Wednesday, April 30, 2014

Trig You Thought You'd Never Need

Sure, most people took trigonometry in high school, or college, and wondered when it would be useful. It was handy in calculus, if that course was also taken, but then it becomes one of those interesting why did I ever learn it kind of things.

Computer graphics is the reason to review it. Hopefully this will be a gentle reminder, and something that can be applied right away. There shouldn't be anything scary here, and it should be a reminder, and not something that requires hours of complex math to have it make any sense. This will apply to computer graphics, and will show shortcuts in ways that make sense.

I will assume that there is some facility that can be used to draw the computer graphics with. Even using a spreadsheet, some of these concepts can be figured and displayed. Most spreadsheets will allow Sine and Cosine calculations and a table of Y and X values to be plotted. Using that concept, most of these ideas can be visualized.

Starting with those two functions that didn't seem to have any relation to anything, Sine and Cosine. The Sine button returns some number when entered in a calculator. That number is kind of a percentage of the way around the circumference of a circle, or at least a quarter of one, since it goes negative about half way, and the numbers repeat on the odd quarters. Cosine is similar to the Sine, but it repeats in the middle two quarters, and starts at 1 instead of 0.

The diagram above shows the relationship to the circle, angles and the functions. Notice that the X position of the outer end of the line is the Cosine value, and the Y position of that same end is the Sine value. The X and Y value of the other end of the line will be the center of the circle or 0,0. This is called the "unit circle" since the radius of the circle is 1. To make the circle larger or smaller, just multiply the returned Sine and Cosine value by the radius desired.

Angles can be measured in degrees or radians. Most people are comfortable using degrees, since they tend to be whole numbers, starting with 0 and going to 360. Computers work better in radians, which is values between 0 and 2*pi, but they also come with conversion capabilities. In Java, the Math class library contains toDegrees and toRadians static methods. Pass a degree value to the toRadians function, and the computer will return the equivalent angle in radians.

An Application

Most instrument panels in modern aircraft are computer screens. The Engine Instrument Systm (EIS) display in the aircraft will draw the values of the engine in round gauge representations, like the old analog instruments. Applying the Sine and Cosine thoughts above, the values can be easily displayed in a nice analog looking gauge.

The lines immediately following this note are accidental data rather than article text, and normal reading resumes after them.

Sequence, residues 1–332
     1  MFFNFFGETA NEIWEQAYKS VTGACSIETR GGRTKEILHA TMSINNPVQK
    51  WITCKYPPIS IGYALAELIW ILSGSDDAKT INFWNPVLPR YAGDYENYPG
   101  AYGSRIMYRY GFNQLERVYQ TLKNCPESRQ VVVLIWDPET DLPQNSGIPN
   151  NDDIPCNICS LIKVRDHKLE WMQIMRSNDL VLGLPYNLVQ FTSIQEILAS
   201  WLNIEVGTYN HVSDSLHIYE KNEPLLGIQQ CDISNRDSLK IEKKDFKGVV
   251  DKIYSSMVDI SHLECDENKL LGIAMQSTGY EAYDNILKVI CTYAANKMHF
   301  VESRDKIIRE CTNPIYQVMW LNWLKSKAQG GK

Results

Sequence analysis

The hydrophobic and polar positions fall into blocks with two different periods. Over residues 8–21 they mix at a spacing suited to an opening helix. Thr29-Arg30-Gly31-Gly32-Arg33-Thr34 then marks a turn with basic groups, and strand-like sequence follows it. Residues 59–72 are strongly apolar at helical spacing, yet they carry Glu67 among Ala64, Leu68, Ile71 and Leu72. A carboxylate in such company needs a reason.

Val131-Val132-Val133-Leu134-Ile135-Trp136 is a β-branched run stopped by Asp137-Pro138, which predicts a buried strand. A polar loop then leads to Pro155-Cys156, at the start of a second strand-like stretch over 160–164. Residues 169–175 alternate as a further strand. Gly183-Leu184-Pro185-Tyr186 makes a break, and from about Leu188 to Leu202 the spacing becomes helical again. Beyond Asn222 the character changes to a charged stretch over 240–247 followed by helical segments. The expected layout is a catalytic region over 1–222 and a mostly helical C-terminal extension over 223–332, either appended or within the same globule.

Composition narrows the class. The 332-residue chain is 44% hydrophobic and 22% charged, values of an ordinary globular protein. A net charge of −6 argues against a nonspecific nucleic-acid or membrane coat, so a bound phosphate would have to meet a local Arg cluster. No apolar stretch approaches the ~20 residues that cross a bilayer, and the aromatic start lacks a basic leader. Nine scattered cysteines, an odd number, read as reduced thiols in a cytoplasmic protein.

The first thing to consider when drawing the gauge is how big around the gauge will be. The one unit circle will allow scaling by multiplying by the desired radius. A simple gauge might be 100 pixels in diameter, and on a 100 pixel per inch screen, that will be about about a 1 inch circle display.

Most gauges don't go all the way around. Many only go 270 degrees, and some only go 90 or 180 degrees. Choosing how far around the gauge goes will be key to plotting accurate instruments. The instrument may not be oriented at 90 or 180 degrees, some displays will show gauges starting at 45 degrees.

The tachometer and speedometer gauges in the above cluster are 270 degree gauges, starting at 45 degrees (or really 235 degrees). The other smaller instruments only go 180 degrees. Thinking of the line as the pointer on the gauge, the place where the end will be drawn will be a fraction of that number of degrees.

For the time being, ignore the direction of rotation. The animation at the top of the page shows counter clockwise rotation, and that is normal for trigonometry. There is a shortcut to reverse that if desired, and that will be covered later.

To build a speedometer as shown above, with a 270 degree display that goes from 0 MPH to 120 MPH the math is simple ratios. Use the speed to be represented, 60 MPH and divide that by the maximum speed, 120 MPH to get the fraction of the circle that the needle will need to cover. 60/120 = 0.5. Multiply this result by the maximum angle that the speedometer will display, 270 degrees * 0.5 = 135 degrees. So to draw the needle on the speedometer, calculate the Cosine and Sine of 135 degrees to get the X and Y values of the
unit circle, then multiply those values by the radius of the display, and draw a line from the center to the specific position.


Sine and Cosine maybe is starting to make sense. Then the computer part starts to complicate things. The Sine of 135 degrees is -0.7071, but the screen only goes from 0 to 1000 or so. If a negative value is plotted, it will be plotted off the screen somewhere. Some computers handle that gracefully, while others won't. Either way, the results are not what the users expected. The drawing must be translated to the proper position.